Everywhere within were the faces of earnest, fresh-faced people, full of life and exuberance and party spirits, friendly and willing to engage in conversation. The crazy kid who had recently passed a kidney stone (!), who became the resident paparazzi, taking pictures of everybody with great good humor; the intense redhead in the kitchen, engaged in thoughtful conversation, even with an old guy; the sincere young politico, whose lefty rant made my ears perk up; charming young women in attractive dress and better good humor . . .  The sorts of faces that two generations ago I might have encountered at any college party.  Some of these young people had completed or attended college, including the local community college. Many others had not.

Many of these young people in attendance were employed sketchily, if at all, in one of a variety of service level jobs. This was not a gaggle of young professionals, secure in their future prospects, educations paid for and themselves well on their way to professions laden with status and benefits. Rather, this was a group of young people who the captains of our economy forgot—working class people. People who grew up in circumstances much like my own.

When I saw last night was a gaggle of thirty-odd young people in various stages of coping with an economy in which all of the money had been sucked away.

Were both of us thirty years younger, what has occurred to these folks would have occurred to us as well. What became clear to us is that we had a ringside seat for the formation of an entire generation denied the expectation of  a functional middle-class lifestyle, the first generation in the history of this country without a reasonable expectation of doing better than their parents.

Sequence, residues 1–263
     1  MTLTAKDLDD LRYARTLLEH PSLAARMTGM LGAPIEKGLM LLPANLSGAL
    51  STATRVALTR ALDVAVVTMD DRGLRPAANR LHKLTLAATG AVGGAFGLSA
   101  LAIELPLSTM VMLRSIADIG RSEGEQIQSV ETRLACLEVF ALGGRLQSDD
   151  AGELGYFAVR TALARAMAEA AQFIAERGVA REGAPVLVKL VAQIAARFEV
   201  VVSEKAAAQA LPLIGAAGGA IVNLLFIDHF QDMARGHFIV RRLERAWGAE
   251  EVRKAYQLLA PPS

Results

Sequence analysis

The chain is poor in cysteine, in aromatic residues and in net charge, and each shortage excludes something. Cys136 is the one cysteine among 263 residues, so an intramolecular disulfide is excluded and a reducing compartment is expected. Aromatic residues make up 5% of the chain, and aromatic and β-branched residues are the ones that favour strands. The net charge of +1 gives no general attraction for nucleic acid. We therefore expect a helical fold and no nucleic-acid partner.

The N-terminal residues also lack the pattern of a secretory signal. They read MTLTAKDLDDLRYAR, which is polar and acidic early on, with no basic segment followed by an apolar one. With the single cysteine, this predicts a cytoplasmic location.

IN 1992, many of us chortled at H. Ross Perot in the TV debates, and wondered what he meant when he mentioned the “giant sucking sound” that NAFTA would create as North American jobs would be whisked to the maquilidoras. Now, twenty years later, we know what he meant. And our children are paying the price for our inattention and selfishness.

Many of us are old enough to remember when it was possible for working-class kids, particular those without a higher education, to go to work, get a job, and make a life for themselves. Own a house, own a car, to maybe own a vacation home or a boat—none of that was beyond the reach of a factory worker making a decent wage. For the young people in attendance at this party last night, the new normal looks like this: part-time work, topping out at 35 hours per week, so as to not incur the obligation of paying for benefits, no health insurance, living either at home, or in an apartment with several other people to share expenses, no car, and an uncertain future.

Yet these exuberant partygoers were vibrant, attractive full of life, and intent on having a good time in the face of all. There is nothing wrong with their work ethic or attitudes. Here’s one example: